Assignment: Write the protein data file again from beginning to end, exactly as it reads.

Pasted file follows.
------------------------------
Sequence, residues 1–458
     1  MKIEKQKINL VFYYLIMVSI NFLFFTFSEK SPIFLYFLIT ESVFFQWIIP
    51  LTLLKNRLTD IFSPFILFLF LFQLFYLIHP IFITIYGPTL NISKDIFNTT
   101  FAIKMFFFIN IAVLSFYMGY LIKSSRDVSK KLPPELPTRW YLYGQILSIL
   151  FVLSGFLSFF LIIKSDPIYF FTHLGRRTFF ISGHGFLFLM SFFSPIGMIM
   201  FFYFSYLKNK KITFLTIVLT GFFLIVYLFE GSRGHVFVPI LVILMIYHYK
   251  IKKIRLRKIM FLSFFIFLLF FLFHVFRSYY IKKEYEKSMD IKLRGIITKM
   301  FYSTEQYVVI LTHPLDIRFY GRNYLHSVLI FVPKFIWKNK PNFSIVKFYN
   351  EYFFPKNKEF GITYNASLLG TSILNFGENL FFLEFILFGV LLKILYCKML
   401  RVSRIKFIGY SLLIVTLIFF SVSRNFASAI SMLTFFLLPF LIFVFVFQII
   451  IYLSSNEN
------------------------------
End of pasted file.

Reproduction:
Sequence, residues 1–458
     1  MKIEKQKINL VFYYLIMVSI NFLFFTFSEK SPIFLYFLIT ESVFFQWIIP
    51  LTLLKNRLTD IFSPFILFLF LFQLFYLIHP IFITIYGPTL NISKDIFNTT
   101  FAIKMFFFIN IAVLSFYMGY LIKSSRDVSK KLPPELPTRW YLYGQILSIL
   151  FVLSGFLSFF LIIKSDPIYF FTHLGRRTFF ISGHGFLFLM SFFSPIGMIM
   201  FFYFSYLKNK KITFLTIVLT GFFLIVYLFE GSRGHVFVPI LVILMIYHYK
   251  IKKIRLRKIM FLSFFIFLLF FLFHVFRSYY IKKEYEKSMD IKLRGIITKM
   301  FYSTEQYVVI LTHPLDIRFY GRNYLHSVLI FVPKFIWKNK PNFSIVKFYN
   351  EYFFPKNKEF GITYNASLLG TSILNFGENL FFLEFILFGV LLKILYCKML
   401  RVSRIKFIGY SLLIVTLIFF SVSRNFASAI SMLTFFLLPF LIFVFVFQII
   451  IYLSSNEN